Bonum Certa Men Certa

Microsoft-funded and Microsoft CTO-Founded Intellectual Ventures is Feeding Patent Trolls, USPTO Ridiculed

Nathan Myhrvold



Summary: A nice investigation into the modus operandi of the world's biggest patent troll and new examples of the embarrassments over at the USPTO, which just lets it all be as it's profitable to patent examiners and lawyers

Intellectual Ventures claims not to sue companies, but reports suggest that it is surrounded by 1,000+ 'sibling' companies which sometimes do the lawsuits without bringing Intellectual Ventures into the courtroom. Intellectual Ventures is essentially like the Mafia Don, extorting companies and 'punishing'/retaliating against (suing) them via third parties if they do not comply. MPEG-LA has a similar mechanism going on.



Here is the latest example of Intellectual Ventures feeding a Troll Du Jour LLC, who in turn uses this feed to sue real companies with real products and value to society:

That's the proposition Webvention LLC—which acquired U.S. Patent No. 5,251,294 from patent-hoarding giant Intellectual Ventures last year—has been making to scores of companies in a bid to license its little piece of IV, according to a pair of declaratory judgment lawsuits filed recently in federal district court in Delaware.

[...]

What makes the suits by Tenneco and Novartis particularly intriguing is that they offer the opportunity to read Webvention's demand letters, which are attached as exhibits in both instances.

[...]

It's unclear whether any of the licensing revenue Webvention is generating will go to Intellectual Ventures. The Seattle-area company began selling off some of its tens of thousands of patents last year, and under the terms of some of those deals gets a cut of whatever revenue the patents bring in. The measures that Webvention's owners have taken to shield their identities—setting up shell companies in both Delaware and East Texas—suggest that IV may well have a piece of the action. It's also worth noting that some of the companies that Webvention claims have taken licenses—including Google and Nokia—are known to have licensing deals with or be "investors" in Intellectual Ventures, meaning they may have licenses to many patents that held by IV now or in the past.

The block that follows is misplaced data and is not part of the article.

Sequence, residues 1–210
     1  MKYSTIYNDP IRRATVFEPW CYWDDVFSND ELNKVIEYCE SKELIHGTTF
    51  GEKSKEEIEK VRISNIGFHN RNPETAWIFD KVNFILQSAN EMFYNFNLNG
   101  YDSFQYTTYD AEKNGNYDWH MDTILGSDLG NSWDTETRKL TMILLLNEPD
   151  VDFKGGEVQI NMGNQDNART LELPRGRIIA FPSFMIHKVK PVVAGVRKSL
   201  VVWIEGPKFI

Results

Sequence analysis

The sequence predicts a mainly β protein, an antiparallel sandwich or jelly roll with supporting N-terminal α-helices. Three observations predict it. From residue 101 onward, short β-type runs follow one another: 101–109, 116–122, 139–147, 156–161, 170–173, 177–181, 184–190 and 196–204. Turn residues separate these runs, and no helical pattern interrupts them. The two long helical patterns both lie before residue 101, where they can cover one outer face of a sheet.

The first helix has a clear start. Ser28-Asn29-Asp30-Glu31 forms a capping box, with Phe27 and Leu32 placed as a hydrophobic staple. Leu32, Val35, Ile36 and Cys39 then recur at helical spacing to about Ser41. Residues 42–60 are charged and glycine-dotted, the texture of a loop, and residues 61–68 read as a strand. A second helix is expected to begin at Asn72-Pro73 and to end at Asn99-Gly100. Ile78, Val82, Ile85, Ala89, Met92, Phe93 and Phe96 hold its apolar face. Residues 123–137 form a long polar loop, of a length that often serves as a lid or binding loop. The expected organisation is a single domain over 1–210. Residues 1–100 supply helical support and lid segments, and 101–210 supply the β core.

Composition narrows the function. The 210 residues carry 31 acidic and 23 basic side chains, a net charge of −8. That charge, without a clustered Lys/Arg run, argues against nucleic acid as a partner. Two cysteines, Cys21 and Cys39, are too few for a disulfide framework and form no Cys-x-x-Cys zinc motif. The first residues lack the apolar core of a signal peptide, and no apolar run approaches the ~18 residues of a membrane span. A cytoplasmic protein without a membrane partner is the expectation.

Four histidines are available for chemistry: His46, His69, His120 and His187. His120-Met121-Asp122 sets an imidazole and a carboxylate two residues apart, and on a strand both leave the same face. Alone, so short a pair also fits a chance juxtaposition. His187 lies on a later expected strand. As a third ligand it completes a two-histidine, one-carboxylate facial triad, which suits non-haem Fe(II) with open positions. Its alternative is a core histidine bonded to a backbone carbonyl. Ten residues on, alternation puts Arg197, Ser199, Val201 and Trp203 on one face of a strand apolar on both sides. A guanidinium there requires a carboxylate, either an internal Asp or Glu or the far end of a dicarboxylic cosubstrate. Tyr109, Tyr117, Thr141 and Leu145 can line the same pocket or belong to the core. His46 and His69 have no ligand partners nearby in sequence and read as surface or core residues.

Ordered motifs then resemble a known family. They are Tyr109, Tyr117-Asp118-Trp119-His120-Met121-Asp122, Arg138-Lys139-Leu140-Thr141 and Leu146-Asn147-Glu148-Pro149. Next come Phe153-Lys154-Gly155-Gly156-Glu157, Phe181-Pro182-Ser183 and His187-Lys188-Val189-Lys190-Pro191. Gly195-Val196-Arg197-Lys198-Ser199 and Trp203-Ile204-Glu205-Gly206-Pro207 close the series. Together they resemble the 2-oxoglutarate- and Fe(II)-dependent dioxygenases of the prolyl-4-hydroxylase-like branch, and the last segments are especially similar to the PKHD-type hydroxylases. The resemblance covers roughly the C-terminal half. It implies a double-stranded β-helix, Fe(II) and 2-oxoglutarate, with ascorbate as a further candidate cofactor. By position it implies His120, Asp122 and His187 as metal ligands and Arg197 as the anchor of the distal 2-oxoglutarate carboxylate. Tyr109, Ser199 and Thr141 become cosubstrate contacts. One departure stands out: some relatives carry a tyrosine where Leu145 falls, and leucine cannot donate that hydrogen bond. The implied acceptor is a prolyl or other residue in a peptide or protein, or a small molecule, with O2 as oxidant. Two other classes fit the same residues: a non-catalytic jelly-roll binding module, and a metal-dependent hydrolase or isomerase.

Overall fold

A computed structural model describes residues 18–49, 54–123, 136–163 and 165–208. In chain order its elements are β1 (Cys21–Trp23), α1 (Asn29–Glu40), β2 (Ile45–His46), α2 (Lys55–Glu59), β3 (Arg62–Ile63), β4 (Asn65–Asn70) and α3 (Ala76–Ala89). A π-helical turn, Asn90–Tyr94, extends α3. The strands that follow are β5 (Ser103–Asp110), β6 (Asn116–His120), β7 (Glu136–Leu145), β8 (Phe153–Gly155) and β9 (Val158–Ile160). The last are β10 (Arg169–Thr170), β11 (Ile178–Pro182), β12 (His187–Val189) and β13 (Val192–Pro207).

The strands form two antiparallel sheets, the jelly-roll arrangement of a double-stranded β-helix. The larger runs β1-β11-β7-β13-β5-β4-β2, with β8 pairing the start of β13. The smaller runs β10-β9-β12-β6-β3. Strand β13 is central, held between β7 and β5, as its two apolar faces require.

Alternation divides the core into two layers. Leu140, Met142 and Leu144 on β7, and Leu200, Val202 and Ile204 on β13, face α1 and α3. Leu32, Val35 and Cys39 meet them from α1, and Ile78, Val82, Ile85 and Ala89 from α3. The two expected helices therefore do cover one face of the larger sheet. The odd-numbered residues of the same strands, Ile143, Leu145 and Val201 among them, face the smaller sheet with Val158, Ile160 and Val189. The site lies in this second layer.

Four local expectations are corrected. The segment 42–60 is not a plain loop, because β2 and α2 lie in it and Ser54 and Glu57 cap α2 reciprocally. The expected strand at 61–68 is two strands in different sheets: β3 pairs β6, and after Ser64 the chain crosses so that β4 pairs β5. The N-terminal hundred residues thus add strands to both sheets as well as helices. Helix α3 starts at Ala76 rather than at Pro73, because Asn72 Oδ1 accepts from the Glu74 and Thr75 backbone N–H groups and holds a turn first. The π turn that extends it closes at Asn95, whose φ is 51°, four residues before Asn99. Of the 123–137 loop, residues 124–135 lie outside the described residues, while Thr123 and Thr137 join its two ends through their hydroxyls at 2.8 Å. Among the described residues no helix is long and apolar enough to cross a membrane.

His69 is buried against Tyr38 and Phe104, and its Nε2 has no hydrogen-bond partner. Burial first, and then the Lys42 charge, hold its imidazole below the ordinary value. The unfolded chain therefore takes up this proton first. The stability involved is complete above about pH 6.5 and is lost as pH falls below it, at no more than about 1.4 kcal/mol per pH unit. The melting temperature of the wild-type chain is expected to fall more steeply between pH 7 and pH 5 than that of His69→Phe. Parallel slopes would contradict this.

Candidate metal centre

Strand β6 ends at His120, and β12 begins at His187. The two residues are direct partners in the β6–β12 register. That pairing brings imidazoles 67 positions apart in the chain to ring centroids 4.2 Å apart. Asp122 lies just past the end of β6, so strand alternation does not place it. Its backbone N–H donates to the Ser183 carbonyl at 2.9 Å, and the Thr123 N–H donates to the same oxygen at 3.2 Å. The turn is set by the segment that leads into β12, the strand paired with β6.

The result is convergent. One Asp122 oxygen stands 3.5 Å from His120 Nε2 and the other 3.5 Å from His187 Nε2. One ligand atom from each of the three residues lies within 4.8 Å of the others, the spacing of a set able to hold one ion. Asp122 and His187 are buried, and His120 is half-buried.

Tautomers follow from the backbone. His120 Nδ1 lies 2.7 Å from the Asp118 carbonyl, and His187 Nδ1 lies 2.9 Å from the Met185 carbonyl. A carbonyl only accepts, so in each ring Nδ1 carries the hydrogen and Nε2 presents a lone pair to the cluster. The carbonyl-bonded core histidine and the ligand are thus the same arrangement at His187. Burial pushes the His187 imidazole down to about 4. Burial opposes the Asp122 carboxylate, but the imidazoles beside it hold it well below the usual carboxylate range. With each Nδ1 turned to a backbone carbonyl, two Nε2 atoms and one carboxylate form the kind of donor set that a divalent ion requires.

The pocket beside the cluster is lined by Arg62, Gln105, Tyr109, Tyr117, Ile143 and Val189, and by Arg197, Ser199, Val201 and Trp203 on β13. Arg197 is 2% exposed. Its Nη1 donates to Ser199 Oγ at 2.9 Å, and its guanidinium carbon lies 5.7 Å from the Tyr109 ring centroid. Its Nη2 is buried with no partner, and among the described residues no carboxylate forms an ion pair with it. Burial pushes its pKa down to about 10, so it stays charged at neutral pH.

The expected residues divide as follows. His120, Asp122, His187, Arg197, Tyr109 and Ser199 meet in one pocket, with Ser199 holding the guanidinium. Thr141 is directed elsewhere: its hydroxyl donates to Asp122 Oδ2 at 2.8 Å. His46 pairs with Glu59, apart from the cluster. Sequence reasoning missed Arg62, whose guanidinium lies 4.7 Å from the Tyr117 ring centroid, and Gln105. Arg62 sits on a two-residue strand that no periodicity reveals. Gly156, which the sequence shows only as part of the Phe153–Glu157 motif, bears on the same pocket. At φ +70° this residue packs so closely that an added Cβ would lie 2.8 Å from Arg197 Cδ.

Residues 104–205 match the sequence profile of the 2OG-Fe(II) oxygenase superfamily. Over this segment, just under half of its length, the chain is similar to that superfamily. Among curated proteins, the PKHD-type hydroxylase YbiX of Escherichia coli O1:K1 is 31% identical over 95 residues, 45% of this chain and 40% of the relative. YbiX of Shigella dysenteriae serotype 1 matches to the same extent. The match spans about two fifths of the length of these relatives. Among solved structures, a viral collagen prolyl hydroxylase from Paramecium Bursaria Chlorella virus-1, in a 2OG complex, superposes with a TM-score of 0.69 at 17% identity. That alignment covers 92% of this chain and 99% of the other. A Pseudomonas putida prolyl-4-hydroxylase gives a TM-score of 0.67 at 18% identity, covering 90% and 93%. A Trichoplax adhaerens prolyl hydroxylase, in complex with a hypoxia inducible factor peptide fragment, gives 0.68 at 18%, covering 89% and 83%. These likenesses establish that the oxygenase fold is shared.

"The article informs us that Webvention got this patent from Intellectual Ventures last year," says Groklaw. Is this the future of the US patent system? That's just sad. Dennis Crouch from a patent lawyers' blog rejects the claims of reduced standards at the USPTO (surprise, surprise). For context:

Earlier this week, I wrote about the dramatic increase in the number of patents being granted in calendar year 2010 as compared with prior years. [Link] Several outlets expanded upon my report and condemned the USPTO based on a conclusion that the higher issuance numbers must have resulted from reduced examination standards.


Microsoft's to-do list patent, which we mentioned here a few days ago, got Groklaw's attention and Pamela Jones responded by writing: "Excuse me, but is that a specific machine? Is it abstract? Is it math? A to-do list? I mean, come on, USPTO. It's an invention because it's on a general use computer, a to-do list? You do realize they will now go around trying to get money from anyone with a to-do list? What were you thinking?"

There may still be an opportunity to change all of this:

Bilski and the US Software Patent Threat: The ball is back in the court of the US Congress: http://t.co/dEc4tmn @jordanhatcher


As pointed out in the previous post, Europe is not without its rogue patent elements (often patent lawyers or other representatives of monopolists). James Love, the Director of Knowledge Ecology International, says:

Europe fought to include patents in ACTA. Now patent damages must consider suggested retail price of infringed patented good.


Love has also been commenting on ACTA effects on life and death -- a subject that Dana Blankenhorn alludes to in this new post where he contrasts deadly patents with software patents.

But pharma patents and copyrights, unlike software patents and copyrights, carry risks which the Meredia case illustrates. Drugs can be found to be dangerous years after their introduction, creating unexpected liabilities.


Actually, software patents too may lead to unexpected liabilities, albeit of a different kind.

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